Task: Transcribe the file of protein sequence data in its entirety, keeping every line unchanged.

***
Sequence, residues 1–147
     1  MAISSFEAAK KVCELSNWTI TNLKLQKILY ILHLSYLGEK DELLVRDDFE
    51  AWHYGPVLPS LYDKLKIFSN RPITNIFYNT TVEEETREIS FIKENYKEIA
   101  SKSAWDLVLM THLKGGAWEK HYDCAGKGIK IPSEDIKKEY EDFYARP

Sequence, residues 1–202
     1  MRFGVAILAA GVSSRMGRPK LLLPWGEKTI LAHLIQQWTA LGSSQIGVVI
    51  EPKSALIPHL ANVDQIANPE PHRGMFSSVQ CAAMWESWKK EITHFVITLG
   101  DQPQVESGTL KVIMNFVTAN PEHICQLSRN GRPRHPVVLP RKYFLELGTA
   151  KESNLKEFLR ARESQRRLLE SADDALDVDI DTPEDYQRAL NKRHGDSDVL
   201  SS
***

Sequence, residues 1–147
     1  MAISSFEAAK KVCELSNWTI TNLKLQKILY ILHLSYLGEK DELLVRDDFE
    51  AWHYGPVLPS LYDKLKIFSN RPITNIFYNT TVEEETREIS FIKENYKEIA
   101  SKSAWDLVLM THLKGGAWEK HYDCAGKGIK IPSEDIKKEY EDFYARP

Sequence, residues 1–202
     1  MRFGVAILAA GVSSRMGRPK LLLPWGEKTI LAHLIQQWTA LGSSQIGVVI
    51  EPKSALIPHL ANVDQIANPE PHRGMFSSVQ CAAMWESWKK EITHFVITLG
   101  DQPQVESGTL KVIMNFVTAN PEHICQLSRN GRPRHPVVLP RKYFLELGTA
   151  KESNLKEFLR ARESQRRLLE SADDALDVDI DTPEDYQRAL NKRHGDSDVL
   201  SS